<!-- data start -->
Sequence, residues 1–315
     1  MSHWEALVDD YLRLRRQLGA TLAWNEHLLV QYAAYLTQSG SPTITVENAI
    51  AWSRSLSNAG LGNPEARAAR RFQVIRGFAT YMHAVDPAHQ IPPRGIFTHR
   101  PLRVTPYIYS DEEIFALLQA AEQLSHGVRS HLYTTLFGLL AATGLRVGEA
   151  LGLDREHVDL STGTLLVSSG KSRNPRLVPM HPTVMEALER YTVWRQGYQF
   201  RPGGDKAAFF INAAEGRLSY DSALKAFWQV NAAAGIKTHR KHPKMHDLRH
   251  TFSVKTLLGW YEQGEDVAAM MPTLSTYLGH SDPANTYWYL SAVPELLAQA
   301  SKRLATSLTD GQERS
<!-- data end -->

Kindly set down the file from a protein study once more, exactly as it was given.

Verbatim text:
Sequence, residues 1–315
     1  MSHWEALVDD YLRLRRQLGA TLAWNEHLLV QYAAYLTQSG SPTITVENAI
    51  AWSRSLSNAG LGNPEARAAR RFQVIRGFAT YMHAVDPAHQ IPPRGIFTHR
   101  PLRVTPYIYS DEEIFALLQA AEQLSHGVRS HLYTTLFGLL AATGLRVGEA
   151  LGLDREHVDL STGTLLVSSG KSRNPRLVPM HPTVMEALER YTVWRQGYQF
   201  RPGGDKAAFF INAAEGRLSY DSALKAFWQV NAAAGIKTHR KHPKMHDLRH
   251  TFSVKTLLGW YEQGEDVAAM MPTLSTYLGH SDPANTYWYL SAVPELLAQA
   301  SKRLATSLTD GQERS